First Night Burlington Announces New Chair and Officers

first_imgFirst Night Burlington announces that J. Patrick Burns, of the Entrepreneur’s Source, now leads the Board of Directors as Chair. Burns, who joined the First Night Burlington Board of Directors in 2005, brings many years of experience as a business consultant to the position and will continue to seek opportunities to expand the non-profit’s commitment to the community and to the arts. Additional Board Officers include community member Megan Brook as Vice Chair, John Scheer, CPA as board Treasurer, and Robynn Albert of Robynn’s Cleaning Service as Secretary, all of whom bring many years of community service to the board. The elected officers are supported by the remainder of the Board of Directors, including Margie Berger of Lippa’s Jewelers, Laura Bowe of Adelphia Media Services, Becky Cassidy of the Church Street Marketplace, Chris Kesler of Earthlogic and Chris Leff of Paul, Frank & Collins.First Night Burlington is Vermont’s largest, single-day arts festival, whose mission is “to bring the community together with an accessible, substance-free New Year’s Eve celebration centered on the arts.” Burlington was the fourth city in the world to embrace this vision, and First Night Burlington recently celebrated its 23rd anniversary, with more than 20,000 participants. More information regarding the organization, as well as support and volunteer opportunities, may be found online at www.firstnightburlington.com(link is external).last_img read more

EEW pipes for Formosa 2 jackets

first_imgEEW Group is producing the steel pipe components for the 47 jacket foundations to be installed on the Formosa 2 wind farm offshore Taiwan. Located between four and ten nautical miles off Miaoli County, Formosa 2 will comprise 47 Siemens Gamesa 8 MW turbines installed in water depths of up to 55 metres. The wind farm is expected to be commissioned in 2021. The production of the steel pipes for the jackets started in January at EEW Korea, EEW KHPC, and EEW Malaysia and is expected to be completed in October 2020. “The development of renewable energy sources in East Asia is a role model for other countries. After the successful completion of the first Formosa I Phase 2 project (for which we supplied 20 monopiles from EEW SPC) we are proud to be a part of the follow-up project Formosa II,” said Christoph Schorge, CEO of the EEW Group. With lengths up to 78.9 metres, an outside diameter of 2.4 metres, weights up to 280 MT, the pin piles are also being manufactured at EEW KHPC, EEW Korea, and EEW Malaysia, with more than half of the units already completed. Jan De Nul is the EPCI contractor for the project’s foundations and subsea cables. As previously reported, EEW Group is also in charge of manufacturing and delivering the 194 pin piles for the 376 MW project. The Formosa 2 wind farm is being developed by a partnership between JERA, Macquarie’s Green Investment Group, and Swancor Renewable Energy. With a total tonnage of 47,500 MT, the steel pipes will be assembled into jacket foundations by Saipem and PT SMOE. First Pin Piles for Formosa II OWF at Gwangyang Port, South Korea. Source: EEW Group. In total, EEW Group will deliver 91,500 tons of construction steel pipes for the project.last_img read more

The shoe still fits for Syracuse basketball and big-play freshman Tyler Lydon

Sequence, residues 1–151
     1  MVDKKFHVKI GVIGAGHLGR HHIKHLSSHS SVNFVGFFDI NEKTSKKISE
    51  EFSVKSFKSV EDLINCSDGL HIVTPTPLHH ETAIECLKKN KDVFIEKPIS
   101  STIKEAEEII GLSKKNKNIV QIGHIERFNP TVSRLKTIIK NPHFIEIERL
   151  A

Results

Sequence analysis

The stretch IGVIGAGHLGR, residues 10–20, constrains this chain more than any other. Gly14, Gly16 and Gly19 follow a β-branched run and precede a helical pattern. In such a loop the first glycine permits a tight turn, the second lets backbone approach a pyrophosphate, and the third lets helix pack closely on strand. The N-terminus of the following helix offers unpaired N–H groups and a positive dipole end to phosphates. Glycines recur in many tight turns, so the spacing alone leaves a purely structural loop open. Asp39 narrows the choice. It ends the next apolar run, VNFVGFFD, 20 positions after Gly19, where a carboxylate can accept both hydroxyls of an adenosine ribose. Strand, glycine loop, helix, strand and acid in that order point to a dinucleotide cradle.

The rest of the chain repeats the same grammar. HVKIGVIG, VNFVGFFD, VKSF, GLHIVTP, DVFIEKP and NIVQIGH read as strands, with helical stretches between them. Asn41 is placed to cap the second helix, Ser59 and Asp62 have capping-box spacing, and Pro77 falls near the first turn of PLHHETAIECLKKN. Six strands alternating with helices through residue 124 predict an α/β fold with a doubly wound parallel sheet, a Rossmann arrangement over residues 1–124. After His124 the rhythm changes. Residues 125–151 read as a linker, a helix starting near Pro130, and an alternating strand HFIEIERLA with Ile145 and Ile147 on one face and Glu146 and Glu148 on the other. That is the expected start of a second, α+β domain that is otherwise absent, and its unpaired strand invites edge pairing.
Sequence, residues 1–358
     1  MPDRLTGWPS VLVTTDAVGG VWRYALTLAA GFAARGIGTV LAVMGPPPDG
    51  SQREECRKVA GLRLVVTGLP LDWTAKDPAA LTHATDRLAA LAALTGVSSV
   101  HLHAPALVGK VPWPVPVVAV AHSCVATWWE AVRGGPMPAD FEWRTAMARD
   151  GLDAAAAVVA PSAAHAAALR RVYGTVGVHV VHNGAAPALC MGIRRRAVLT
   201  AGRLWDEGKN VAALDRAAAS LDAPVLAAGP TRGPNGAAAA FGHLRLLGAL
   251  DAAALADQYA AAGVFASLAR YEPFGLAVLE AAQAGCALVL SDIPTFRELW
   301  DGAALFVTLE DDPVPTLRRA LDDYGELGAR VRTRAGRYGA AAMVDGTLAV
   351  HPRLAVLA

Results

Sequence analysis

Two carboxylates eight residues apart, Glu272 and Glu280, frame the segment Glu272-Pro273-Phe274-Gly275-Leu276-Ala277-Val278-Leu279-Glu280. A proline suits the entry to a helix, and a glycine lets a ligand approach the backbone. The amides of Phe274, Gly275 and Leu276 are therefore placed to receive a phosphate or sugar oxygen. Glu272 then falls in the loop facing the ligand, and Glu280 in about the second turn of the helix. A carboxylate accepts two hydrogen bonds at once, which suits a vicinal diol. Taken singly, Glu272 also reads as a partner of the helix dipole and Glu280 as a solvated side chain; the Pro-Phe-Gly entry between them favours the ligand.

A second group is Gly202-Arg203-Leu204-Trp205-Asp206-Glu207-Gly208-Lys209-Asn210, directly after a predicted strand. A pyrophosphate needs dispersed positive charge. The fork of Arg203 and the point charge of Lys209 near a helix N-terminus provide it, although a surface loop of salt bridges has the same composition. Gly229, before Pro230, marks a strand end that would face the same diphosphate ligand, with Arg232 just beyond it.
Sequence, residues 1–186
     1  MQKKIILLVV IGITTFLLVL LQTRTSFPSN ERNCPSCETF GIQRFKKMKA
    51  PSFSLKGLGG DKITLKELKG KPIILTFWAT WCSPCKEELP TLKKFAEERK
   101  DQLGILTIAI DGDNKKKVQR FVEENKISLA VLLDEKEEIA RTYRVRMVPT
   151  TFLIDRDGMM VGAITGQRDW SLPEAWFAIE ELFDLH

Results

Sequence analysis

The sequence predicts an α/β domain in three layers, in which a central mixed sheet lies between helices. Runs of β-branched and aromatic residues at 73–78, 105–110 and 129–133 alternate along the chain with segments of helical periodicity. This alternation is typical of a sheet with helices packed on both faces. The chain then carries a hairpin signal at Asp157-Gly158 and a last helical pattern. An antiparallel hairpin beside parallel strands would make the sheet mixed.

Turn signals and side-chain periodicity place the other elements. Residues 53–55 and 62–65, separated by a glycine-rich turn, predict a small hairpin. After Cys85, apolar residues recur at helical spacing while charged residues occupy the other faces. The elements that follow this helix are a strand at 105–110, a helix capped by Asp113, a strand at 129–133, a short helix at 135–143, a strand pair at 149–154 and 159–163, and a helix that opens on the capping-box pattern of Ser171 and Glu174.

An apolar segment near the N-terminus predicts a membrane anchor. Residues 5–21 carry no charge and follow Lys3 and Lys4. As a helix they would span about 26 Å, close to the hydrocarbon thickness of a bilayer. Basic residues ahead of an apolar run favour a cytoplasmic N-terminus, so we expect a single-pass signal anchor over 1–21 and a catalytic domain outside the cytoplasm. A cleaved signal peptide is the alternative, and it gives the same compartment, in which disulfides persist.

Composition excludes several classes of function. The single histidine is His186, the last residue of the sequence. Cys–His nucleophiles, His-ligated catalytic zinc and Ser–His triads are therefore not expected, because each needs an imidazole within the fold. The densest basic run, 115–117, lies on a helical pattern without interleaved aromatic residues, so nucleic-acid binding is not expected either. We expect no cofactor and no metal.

first_img Published on March 29, 2016 at 12:05 am Contact Matt: [email protected] | @matt_schneidman CHICAGO – Even if the shoe fit, there was no time to put it on. Tyler Lydon’s left sneaker squirted off his foot and he couldn’t look back at it before Michael Gbinije swung a pass to his right and into the wide-open freshman’s hands.Isaiah Wilkins left the double team on Gbinije and darted to his left before soaring through the air. Lydon sold Wilkins on a pump fake before taking a dribble to his left and sinking a 3 with his white and orange sock still sliding across the floor. Gbinije threw Lydon’s shoe out of bounds against the outside of the scorer’s table and Lydon backpedaled the other way, pointing to his shoeless foot and barking at a referee for some sort of reprieve so he didn’t have to guard Anthony Gill with his sneaker three-quarters of the way down the other end of the court.“You can’t stop playing in that situation so I was like, ‘Why not?’” Lydon said. “I think that was like the first 3 I’d made since the first game.”It was a relatively insignificant bucket that cut Syracuse’s deficit to nine with 2:24 remaining in the first half against Virginia, but it was just about the last possible thing Lydon hadn’t done yet this season. He’s proved to be efficient from deep. He’s turned a hesitancy from the field into an ability to pump fake and finish at the rim. He’s hung with the big boys and blossomed into a reliable rebounder, often opposing centers that have far more bulk than the lanky freshman.On Sunday, his 11 points and six rebounds were heavily masked by a 21-point second half from fellow freshman Malachi Richardson. Lydon has rarely played the star. That’s left Gbinije, sometimes Richardson and even Trevor Cooney and Tyler Roberson on occasion. But in No. 10 seed Syracuse’s (23-13, 9-9 Atlantic Coast) 68-62 upset of top-seeded Virginia (29-8, 13-5), the supporting role embodying efficiency and timely plays on both ends down the stretch fit seamlessly into the narrative of Lydon’s season that may still not have reached its peak.AdvertisementThis is placeholder text“A lot of freshman normally … don’t continue to get better at the end of the year,” assistant coach Adrian Autry said. “Most of them come out in the beginning and then they kind of maintain, but he’s just been getting better and better the last six, seven or eight games.”If Lydon had maintained how he started this season, he’d be the star. A roaring and unexpected performance in the Battle 4 Atlantis set the bar high for the versatile freshman that was now popping up higher on scouting reports.Teams followed him out to the perimeter. They pounded the ball in his direction down low. Physically inferior to almost everyone he guarded, Lydon was on the receiving end of criticism from Jim Boeheim that he wasn’t physically ready after Isaiah Hicks and Brice Johnson tore through the Orange’s frontcourt in the Carrier Dome.Then there was the critique, from Boeheim, teammates and himself, of his hesitation from the field when he’d pass up wide-open shots for simple passes.Lydon couldn’t use his weight to manhandle centers, and he had to shed his stutter from the field. The versatility had faded midseason, was re-discovered down the stretch and had to find a way to carry over into a postseason that the Orange isn’t supposed to still be playing in.Those ways came in the form of stepping out to where he normally wouldn’t and blocking a Josh Perkins floater that saved Syracuse’s season in the Elite Eight. Or forcing Gill into a travel on a 2-on-1 with 8:17 left that allowed SU to slice its deficit to single digits on the next possession.“Tyler Lydon made a couple great plays in the back of (the press) to stop them in a 2-on-1 situation,” Boeheim said, “and we finally got our offense.”Then pulling a once-uncharacteristically quick trigger and hitting a 3-pointer from the wing against UVA to cut Syracuse’s deficit to three less than two minutes later. And finally hauling in a rebound with less than 10 seconds left over Gill and Malcolm Brogdon, an individual feat against two opponents normally reserved for Roberson, but one the freshman did to all but secure a Final Four spot after Roberson fouled out minutes prior.“He looks like a lightweight fighting heavyweight,” assistant coach Mike Hopkins said, “and at the end of the day, no one’s really been able to really hurt him down there.”After his block against Gonzaga, Lydon elevated and hit the ground with the ball in his hands before hitting two foul shots. Following his rebound against Virginia, Lydon elevated and hit the ground with the ball in his hands before hitting another two foul shots. Both plays that will barely show up in a box score, but ones that may be the difference between the Orange heading to Houston or staying home.And one final time before Syracuse left the court at the United Center, Lydon elevated before coming back down on two feet. No foul shots were needed. No game needed to be sealed. This time, it was up a ladder to cut down the net and then back down.His left sneaker was snug on his foot, just like the shoe that Syracuse still fits. Comments Facebook Twitter Google+last_img read more